Ancient four legged whale of Peru walked ashore, swam in the sea



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WASHINGTON (Reuters) – Scientists have discovered fossils in a southern Peruvian coastal desert of a quadruped whale that thrived at sea and on land some 43 million years ago in a breakthrough that illuminates a crucial stage in the evolution of cetaceans.

The newly discovered Peregocetus whale, which lived about 43 million years ago, is depicted along the southeastern rocky coast of the Pacific in this undated artistic reconstruction obtained by Reuters on April 3, 2019. The fluke of the tail is hypothetical. Alberto Gennari / Brochure via REUTERS

The 13-meter-long mammal, called Peregocetus pacificus, represents a crucial intermediate step before whales fully adapt to a marine life, scientists said on Thursday.

Its four limbs were able to bear its weight in the earth, which means that Peregocetus could return to the rocky shore to rest and perhaps give birth while spending much of his time at sea. His feet and hands had small hooves and were probably trapped to assist in swimming. With long, relatively thin fingers and fingers, moving on land may not have been easy.

His elongated snout and sturdy teeth – large incisors and canines clawed along with meat-cut molars – made Peregocetus adept at catching medium-sized prey like fish.

"We found that it was feeding on water and that its underwater locomotion was easier than on land," said paleontologist at the Belgian Institute of Natural Sciences, Olivier Lambert, who led the research published in Current Biology.

"Some tail region vertebrae share strong resemblances to semi-aquatic mammals, such as otters, indicating that the tail was predominantly used for underwater locomotion," added Lambert.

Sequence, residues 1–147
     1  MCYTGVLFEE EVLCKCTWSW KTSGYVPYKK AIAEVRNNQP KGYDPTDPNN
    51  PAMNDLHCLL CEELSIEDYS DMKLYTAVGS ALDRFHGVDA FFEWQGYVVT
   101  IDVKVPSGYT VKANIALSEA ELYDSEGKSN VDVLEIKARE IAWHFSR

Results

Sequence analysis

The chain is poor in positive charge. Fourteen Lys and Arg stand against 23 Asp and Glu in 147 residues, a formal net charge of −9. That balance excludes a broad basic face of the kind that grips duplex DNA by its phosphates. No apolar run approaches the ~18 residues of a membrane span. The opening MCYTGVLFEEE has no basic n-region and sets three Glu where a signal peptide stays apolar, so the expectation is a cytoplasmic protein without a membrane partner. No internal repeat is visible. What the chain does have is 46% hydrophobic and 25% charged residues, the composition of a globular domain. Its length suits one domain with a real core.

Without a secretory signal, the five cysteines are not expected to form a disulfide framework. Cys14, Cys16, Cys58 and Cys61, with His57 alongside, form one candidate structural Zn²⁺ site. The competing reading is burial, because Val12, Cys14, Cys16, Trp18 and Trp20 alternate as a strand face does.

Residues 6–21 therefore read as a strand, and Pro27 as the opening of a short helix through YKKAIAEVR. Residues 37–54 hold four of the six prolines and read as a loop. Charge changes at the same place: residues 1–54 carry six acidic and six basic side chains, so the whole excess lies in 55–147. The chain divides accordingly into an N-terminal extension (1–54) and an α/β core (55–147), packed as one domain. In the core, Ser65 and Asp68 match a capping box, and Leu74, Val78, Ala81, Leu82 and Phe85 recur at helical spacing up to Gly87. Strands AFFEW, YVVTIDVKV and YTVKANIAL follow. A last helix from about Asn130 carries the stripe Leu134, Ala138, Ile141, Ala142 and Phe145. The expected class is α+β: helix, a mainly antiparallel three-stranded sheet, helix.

The evolutionary origins of whales were poorly understood until the 1990s, when fossils of the first whales were found. Several fossils have shown that whales evolved just over 50 million years ago in Pakistan and India from land-dwelling and hoof-living mammals that are close to a medium-sized dog . It took millions of years for them to spread throughout the world.

Peregocetus represents the most complete quadruped whale skeleton outside India and Pakistan, and the first known Pacific region and Southern Hemisphere.

His presence in Peru, Lambert said, suggests that quadruped whales have spread from South Asia to North Africa, crossing the South Atlantic to reach the New World. Peregocetus shows that the first whales to reach the Americas still retain the ability to move ashore.

Over time, the cetacean front members evolved to fins. The hind limbs eventually become mere traces. It was not until about 40 million years ago that the lineage of whales completely evolved into marine animals, so it split into the two groups of live cetaceans today: fin whales that feed on filters and toothed whales like dolphins and killer whales.

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Report of Will Dunham; Edition by Sandra Maler

Our standards:The Thomson Reuters Trust Principles.

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